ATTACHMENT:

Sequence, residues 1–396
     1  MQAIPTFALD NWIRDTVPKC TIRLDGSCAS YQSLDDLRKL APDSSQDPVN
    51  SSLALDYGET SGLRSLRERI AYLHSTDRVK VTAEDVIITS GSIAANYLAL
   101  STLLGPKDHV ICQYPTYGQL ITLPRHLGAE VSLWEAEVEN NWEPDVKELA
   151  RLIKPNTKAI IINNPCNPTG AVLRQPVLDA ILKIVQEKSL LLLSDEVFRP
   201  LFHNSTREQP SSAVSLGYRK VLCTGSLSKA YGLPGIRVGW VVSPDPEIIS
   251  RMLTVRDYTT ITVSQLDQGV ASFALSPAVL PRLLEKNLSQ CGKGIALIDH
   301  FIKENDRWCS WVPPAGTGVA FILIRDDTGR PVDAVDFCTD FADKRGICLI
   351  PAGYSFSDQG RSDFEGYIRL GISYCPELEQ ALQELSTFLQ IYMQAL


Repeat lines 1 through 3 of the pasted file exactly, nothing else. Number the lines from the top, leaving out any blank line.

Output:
Sequence, residues 1–396
     1  MQAIPTFALD NWIRDTVPKC TIRLDGSCAS YQSLDDLRKL APDSSQDPVN
    51  SSLALDYGET SGLRSLRERI AYLHSTDRVK VTAEDVIITS GSIAANYLAL